By Susan Nickalls

The lights of Malaga twinkle on either side of the ship as we pass La Farola lighthouse, the large white sentinel on the harbour promenade, while a full moon shimmers in the inky blackness above us. I’m standing, with the other passengers, on the deck of the Royal Clipper, the only five-masted full-rigged sailing ship in the world. Primitive drumbeats and chants from the Vangelis theme to Ridley Scott’s film about Christopher Columbus, 1492: Conquest of Paradise, are blasting out of the speakers. Then one by one, the 42 white sails of the tall ship are unfurled and bathed in a violet light. It is a magnificent and stirring sight. Although this dramatic ritual is enacted every time we leave port on this week-long cruise, for me, it never loses its magic. As the wind catches the sails, I can relate to the excitement that explorers, like Columbus, must have experienced as they set out over the horizon.

We’ll be visiting the Balearic Islands of Ibiza, Majorca and Menorca, with two stops in Corsica before arriving in Cannes. As the name suggests, the Royal Clipper is modelled on the 19th century vessels that ‘clipped’ the waves at great speed as they transported goods from one continent to another. I’m surprised at how smoothly she moves through the water under sail at speeds of around 11 knots. Mikael Krafft built it for his Star Clipper line, taking design inspiration from the Preussen, a German steel-hulled five-masted full-rigged windjammer. It was built in 1902 but lost after a collision in 1910. So there was no other ship of its type sailing the oceans until Krafft launched his Royal Clipper in 2000. As one of the 227 passengers and 106 crew on board, my spacious cabin with en-suite shower is more luxurious than conditions on the original clipper, and the large dining room with its international cuisine is a far cry from the sailors’ mess and rations.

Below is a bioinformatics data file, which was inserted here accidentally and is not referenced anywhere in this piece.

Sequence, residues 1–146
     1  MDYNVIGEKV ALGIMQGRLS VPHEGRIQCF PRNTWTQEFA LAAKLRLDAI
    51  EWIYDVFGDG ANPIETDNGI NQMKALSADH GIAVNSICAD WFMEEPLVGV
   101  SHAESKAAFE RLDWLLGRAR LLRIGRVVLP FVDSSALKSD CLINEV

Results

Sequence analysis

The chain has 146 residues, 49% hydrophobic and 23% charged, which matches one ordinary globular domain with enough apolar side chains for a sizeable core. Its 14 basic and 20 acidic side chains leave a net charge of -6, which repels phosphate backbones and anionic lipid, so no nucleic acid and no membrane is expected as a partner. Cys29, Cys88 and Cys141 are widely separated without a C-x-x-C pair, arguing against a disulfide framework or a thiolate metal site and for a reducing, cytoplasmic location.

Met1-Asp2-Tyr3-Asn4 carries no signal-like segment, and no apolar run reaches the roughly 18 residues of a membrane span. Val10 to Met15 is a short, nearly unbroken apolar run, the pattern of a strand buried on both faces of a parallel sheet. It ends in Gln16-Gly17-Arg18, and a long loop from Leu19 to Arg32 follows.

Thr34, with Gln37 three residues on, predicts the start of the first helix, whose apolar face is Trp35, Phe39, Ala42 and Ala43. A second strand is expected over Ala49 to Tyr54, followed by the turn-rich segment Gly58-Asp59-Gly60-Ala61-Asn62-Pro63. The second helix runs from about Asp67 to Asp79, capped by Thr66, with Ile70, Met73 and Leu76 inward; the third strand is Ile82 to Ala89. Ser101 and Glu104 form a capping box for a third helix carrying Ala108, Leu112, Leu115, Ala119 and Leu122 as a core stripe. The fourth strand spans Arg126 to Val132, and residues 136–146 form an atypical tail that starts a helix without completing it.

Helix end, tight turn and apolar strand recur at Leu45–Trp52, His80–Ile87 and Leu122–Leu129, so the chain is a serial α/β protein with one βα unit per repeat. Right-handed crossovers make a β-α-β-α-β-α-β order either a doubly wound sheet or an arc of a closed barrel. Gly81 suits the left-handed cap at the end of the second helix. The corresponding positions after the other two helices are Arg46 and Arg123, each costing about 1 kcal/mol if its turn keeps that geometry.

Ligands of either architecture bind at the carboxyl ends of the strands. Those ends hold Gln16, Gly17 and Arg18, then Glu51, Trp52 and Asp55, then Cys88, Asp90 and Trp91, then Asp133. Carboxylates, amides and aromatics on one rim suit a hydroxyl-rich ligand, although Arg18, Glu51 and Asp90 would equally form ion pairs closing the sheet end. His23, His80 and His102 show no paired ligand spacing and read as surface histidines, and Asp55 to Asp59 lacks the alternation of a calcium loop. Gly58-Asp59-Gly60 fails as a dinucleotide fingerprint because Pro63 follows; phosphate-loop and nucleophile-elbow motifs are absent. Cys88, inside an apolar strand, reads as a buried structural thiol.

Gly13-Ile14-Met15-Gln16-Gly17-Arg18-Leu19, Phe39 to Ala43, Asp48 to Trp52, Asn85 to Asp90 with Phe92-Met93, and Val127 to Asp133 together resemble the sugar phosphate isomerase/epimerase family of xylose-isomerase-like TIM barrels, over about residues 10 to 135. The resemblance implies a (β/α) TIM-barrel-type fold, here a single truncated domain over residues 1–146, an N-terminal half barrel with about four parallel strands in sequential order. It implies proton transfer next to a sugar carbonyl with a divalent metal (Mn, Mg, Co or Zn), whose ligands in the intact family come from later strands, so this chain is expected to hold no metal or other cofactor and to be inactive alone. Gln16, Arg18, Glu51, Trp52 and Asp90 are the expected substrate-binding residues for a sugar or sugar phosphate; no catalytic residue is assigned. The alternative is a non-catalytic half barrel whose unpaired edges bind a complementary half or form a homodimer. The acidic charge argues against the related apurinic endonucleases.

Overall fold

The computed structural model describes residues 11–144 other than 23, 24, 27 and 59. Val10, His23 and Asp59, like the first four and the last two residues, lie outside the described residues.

‘Is this your first time?’ is usually the opening salvo over dinner. There are two other tall ships in Krafft’s fleet, Star Clipper and Star Flyer, and there’s an unspoken competition among guests as to who has notched up the most trips. At a drinks reception for repeaters, I’m surprised to find that well over half of the passengers are there. Star Clippers bucks the cruising trend in that their repeat rate is 60% compared to the 20 – 30% for other companies. Then the conversation moves on to destinations; Star Clippers cruise the Caribbean, the Mediterranean, Southeast Asia and the Panama Canal. But I noticed that the ocean crossing guests garnered the most respect. Several people already on board had arrived in Malaga after a stormy crossing of the Atlantic, only to be told that apparently the best direction to travel is from east to west.